After all the testimony was done, the judge had everybody take a half hour break while he composed his oral decision. Nobody felt good about this.

When we all returned to the court room, the judge proceeded to systematically dismember the young woman’s arguments.

She struck out.

The application for asylum was denied because she couldn’t prove that she was covered under one of the five protected grounds. She tried to say that she was part of a particular social group (her family), but that didn’t cut it. She also could not prove that she herself had been persecuted or was likely to be persecuted. Her husband had been threatened, but maybe not her.

The judge did not agree to grant her relief of removal because she didn’t show that would be in danger in all of Mexico. She may have been danger from the cartels in certain places, but not everywhere. She had in fact lived in locations where she had received no threats.

The judge denied her request for relief under the Convention Against Torture, because she never showed that the Mexican government would be involved with the torture, either actively or passively. Even when threatened by the cartel, her family had never gone to the police. They feared that the police would tell the gangs, and there would be reprisals. She believed that the cops were cooperating with the cartels, but she couldn’t prove that. I guess the only way that she could have proven that the police were in league with the cartels is if they had tortured and killed her. However, then she would never have been in that court room.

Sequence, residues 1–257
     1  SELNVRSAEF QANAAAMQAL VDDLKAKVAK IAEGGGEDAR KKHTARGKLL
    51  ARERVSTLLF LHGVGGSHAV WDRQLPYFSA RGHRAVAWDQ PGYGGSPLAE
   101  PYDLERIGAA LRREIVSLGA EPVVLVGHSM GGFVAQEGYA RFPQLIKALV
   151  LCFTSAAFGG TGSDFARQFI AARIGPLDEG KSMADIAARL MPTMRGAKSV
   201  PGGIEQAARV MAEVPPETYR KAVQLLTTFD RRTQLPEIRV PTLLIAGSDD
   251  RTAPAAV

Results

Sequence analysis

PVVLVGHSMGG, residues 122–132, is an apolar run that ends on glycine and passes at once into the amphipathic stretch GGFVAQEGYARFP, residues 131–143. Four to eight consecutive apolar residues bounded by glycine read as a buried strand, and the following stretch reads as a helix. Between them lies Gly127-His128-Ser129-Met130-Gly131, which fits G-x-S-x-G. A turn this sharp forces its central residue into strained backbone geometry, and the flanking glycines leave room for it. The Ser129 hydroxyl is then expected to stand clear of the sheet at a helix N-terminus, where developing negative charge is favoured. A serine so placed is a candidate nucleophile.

The judge ordered that she and her children be deported.

She wept.

Legally, the judge did what he had to do.

Morally, there is a problem.

Even if this young woman failed to meet the stringent standards of the U.S. government in order to remain in the country, she still needs help. She is terrified to return to Mexico, and the judge acknowledged that. She just wants her kids to be safe, and they won’t be safe if she goes back to Mexico. So, what does she do now?

Yeah, this sucks.